UM search committee to invite president finalists to campus

By: 
The Associated Press

The search committee for the University of Montana president will invite three or four finalists for the job for campus interviews, Higher Education Commissioner Clayton Christian said Thursday.

He said the hiring process is dynamic, but at this point, the committee did not intend to extend invitations to any internal candidates or ones with known Montana addresses.

Former Superintendent of Public Instruction Denise Juneau and once-candidate for U.S. House of Representatives had said she would apply for the position.

Christian, chair of the search committee, said he does not have a preference for any particular candidate, and he said committee members took votes along the way.

“I’ve never been more serious about impartiality in trying to find the best candidate we can find,” Christian said. “It’s just such an important juncture at the University of Montana. We need a highly qualified leader that can move this institution forward.

“The good news is the pool looks to have that. I was overwhelmed by the quality of individuals we just interviewed. We’ve got a great opportunity for a fresh start.”

Invitations are slated to go out this week to finalists, including at least one woman and professionals with diverse career backgrounds, the commissioner said.

Earlier in the week, a subcommittee interviewed 12 or 13 candidates in person and then conferred Thursday with the larger group of some 24 members.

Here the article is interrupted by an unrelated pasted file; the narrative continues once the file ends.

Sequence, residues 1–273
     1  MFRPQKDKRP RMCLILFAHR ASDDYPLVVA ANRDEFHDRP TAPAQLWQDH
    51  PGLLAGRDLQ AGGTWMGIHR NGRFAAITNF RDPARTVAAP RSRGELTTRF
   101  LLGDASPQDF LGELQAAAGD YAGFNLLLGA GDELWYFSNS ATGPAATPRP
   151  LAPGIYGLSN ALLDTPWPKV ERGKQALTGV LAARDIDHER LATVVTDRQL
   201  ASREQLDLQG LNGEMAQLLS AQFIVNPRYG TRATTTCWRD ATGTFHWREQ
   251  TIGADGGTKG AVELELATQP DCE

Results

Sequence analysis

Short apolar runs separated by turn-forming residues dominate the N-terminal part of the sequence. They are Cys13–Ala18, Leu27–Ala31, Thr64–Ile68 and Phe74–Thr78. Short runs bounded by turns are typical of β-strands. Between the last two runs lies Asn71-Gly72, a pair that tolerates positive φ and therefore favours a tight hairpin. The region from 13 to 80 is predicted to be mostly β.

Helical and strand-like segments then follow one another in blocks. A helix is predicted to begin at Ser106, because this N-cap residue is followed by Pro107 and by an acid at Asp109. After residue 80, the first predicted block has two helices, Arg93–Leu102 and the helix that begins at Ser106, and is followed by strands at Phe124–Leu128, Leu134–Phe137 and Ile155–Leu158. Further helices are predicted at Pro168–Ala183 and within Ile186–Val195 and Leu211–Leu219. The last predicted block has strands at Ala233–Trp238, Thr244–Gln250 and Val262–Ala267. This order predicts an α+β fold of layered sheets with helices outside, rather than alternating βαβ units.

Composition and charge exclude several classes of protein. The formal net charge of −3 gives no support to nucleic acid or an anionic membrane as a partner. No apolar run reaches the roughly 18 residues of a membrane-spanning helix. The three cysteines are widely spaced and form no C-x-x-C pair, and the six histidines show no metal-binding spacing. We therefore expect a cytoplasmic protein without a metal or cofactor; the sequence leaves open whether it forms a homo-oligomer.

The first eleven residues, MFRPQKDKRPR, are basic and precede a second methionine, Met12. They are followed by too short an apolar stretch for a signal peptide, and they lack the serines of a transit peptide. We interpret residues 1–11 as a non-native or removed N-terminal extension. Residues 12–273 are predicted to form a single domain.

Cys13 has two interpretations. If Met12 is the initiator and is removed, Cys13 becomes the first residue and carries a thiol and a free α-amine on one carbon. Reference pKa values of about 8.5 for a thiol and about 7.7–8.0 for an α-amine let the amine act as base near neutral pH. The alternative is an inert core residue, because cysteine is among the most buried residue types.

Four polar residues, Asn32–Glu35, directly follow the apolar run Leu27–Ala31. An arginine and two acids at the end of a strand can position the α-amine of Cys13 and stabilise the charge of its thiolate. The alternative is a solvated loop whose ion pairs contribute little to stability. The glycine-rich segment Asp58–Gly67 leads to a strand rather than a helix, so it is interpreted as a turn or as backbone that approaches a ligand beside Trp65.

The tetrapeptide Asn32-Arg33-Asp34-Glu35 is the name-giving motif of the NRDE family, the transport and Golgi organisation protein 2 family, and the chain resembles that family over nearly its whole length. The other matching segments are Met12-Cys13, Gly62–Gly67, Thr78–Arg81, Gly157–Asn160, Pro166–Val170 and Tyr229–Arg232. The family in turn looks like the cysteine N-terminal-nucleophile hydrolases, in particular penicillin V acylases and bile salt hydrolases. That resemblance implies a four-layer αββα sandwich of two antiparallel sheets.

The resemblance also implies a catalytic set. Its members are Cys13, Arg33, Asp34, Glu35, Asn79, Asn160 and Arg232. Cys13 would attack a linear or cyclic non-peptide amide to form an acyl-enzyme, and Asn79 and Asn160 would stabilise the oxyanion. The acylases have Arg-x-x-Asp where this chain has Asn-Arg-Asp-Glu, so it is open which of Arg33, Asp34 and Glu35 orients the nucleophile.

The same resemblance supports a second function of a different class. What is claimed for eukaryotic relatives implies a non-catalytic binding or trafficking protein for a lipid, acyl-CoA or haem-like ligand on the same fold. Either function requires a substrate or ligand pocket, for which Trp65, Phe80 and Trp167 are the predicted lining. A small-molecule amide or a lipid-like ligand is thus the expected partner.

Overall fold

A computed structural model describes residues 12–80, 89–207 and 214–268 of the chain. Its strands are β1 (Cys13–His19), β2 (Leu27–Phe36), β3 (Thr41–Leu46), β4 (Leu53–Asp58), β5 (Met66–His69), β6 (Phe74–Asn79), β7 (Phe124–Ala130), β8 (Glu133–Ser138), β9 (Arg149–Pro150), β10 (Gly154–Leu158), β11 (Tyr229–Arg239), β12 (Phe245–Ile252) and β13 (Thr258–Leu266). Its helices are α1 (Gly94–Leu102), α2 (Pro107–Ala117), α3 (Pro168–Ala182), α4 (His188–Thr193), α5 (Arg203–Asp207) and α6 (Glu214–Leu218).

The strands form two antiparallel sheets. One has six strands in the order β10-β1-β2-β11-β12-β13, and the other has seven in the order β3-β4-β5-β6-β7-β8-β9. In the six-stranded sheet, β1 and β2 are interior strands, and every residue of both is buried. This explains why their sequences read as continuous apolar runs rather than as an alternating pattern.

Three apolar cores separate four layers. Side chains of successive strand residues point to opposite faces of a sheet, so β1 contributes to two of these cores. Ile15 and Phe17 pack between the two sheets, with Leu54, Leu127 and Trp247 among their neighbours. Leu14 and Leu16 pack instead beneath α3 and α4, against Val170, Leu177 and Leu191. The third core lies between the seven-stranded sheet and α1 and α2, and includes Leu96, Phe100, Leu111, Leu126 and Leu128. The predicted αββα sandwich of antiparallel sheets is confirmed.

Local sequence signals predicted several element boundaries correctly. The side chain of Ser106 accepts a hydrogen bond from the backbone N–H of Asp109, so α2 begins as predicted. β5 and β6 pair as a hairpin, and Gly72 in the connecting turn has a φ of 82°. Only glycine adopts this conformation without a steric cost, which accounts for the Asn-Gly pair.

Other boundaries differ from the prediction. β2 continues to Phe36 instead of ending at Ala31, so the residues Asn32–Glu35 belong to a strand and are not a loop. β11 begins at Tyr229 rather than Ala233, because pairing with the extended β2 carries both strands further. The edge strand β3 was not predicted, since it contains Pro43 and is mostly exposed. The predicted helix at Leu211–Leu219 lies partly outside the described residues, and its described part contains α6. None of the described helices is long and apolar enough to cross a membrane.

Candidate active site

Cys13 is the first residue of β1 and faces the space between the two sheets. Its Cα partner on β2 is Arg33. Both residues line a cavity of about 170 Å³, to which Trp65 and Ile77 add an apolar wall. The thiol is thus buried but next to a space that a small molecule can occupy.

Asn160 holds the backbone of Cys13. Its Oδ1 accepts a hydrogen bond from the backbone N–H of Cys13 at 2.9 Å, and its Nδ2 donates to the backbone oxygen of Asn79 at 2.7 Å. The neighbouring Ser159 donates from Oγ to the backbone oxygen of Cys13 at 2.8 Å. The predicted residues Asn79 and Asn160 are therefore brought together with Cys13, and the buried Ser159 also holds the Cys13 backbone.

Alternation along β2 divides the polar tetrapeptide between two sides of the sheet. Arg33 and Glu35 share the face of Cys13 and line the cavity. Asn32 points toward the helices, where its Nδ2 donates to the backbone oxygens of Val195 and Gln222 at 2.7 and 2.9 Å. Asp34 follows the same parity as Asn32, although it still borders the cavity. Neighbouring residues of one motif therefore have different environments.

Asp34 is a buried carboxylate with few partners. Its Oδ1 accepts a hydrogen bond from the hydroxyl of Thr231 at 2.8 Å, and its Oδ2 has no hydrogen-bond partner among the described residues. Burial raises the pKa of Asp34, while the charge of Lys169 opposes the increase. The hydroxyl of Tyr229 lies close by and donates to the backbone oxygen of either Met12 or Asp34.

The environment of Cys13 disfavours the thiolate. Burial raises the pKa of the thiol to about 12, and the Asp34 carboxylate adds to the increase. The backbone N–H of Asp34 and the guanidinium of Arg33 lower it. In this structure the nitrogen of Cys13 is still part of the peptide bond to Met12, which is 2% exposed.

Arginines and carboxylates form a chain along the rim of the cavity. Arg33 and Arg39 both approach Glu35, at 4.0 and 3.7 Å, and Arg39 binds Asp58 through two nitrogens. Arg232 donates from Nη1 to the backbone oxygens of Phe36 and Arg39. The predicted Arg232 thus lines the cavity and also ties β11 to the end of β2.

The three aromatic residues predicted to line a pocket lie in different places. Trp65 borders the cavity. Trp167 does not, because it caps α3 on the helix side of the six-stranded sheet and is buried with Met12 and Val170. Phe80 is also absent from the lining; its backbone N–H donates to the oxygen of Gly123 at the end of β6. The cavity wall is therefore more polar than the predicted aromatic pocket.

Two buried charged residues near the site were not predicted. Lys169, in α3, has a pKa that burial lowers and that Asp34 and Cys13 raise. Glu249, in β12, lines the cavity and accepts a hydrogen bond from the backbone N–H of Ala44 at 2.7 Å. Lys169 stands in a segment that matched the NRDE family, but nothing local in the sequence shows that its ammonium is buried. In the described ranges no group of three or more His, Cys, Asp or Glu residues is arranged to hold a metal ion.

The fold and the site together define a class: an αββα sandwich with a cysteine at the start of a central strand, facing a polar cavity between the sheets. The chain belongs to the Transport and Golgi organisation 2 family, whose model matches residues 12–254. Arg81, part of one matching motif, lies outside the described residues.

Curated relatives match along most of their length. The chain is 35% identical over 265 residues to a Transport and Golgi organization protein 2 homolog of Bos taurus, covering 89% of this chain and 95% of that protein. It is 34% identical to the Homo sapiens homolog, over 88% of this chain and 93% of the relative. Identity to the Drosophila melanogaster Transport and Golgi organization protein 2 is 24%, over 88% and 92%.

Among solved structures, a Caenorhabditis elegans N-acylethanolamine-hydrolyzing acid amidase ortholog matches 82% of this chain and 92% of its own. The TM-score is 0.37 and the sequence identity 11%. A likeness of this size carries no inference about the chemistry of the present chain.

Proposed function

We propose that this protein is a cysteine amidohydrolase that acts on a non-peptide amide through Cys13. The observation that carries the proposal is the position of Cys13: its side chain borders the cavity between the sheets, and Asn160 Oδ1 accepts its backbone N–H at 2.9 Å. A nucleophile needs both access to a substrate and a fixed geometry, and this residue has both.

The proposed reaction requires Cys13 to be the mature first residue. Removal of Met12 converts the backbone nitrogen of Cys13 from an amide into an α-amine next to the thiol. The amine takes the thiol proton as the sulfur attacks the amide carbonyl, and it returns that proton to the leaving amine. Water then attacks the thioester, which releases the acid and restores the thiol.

Christian said the committee will release the names of finalists who accept invitations for campus visits. Kevin McRae, spokesman for the Commissioner’s Office, said he believes candidates will respond by next week, after Labor Day.

The search started with 99 applicants, “probably twice as many applicants as we’ve had before, and they’re good applicants,” McRae said.

The committee of campus and community members narrowed the list to 12 or 13 to interview in person and will bring finalists who accept invitations to campus in September or October. Each will spend a couple of days on campus visiting with various constituents, such as faculty, staff, students and the public.

In recent years, internal candidates have landed at top UM and university system posts, including Christian, former chair of the Montana Board of Regents.

Former UM President Royce Engstrom got the top post after serving as provost at the Missoula flagship; he was among three finalists selected after a national search, Christian said. He said one of those finalists took another job, and a second one subsequently bowed out.

UM also hired Peggy Kuhr as vice president of integrated communications; the once-dean of the School of Journalism temporarily filled the vice president job and served as chair of the search committee before resigning as search chair and announcing her own candidacy. She retired from the post in 2016.

McRae, though, said the university system more often than not selects external candidates, and it hears criticism from people who want to know why it is overlooking Montana talent.

“We go for the best candidate, whether they are internal or external,” McRae said.

The commissioner will ultimately make a recommendation to the Montana Board of Regents, and the board will appoint a new president.

In December 2016, Commissioner Christian asked Engstrom to step down and tapped former Commissioner Sheila Stearns to lead UM as interim president.

UM has experienced falling enrollment, some 24 percent since 2010. However, last summer it hired a new vice president for enrollment, and Wednesday, the administration announced positive trends in the metrics used to track incoming freshmen.

Category: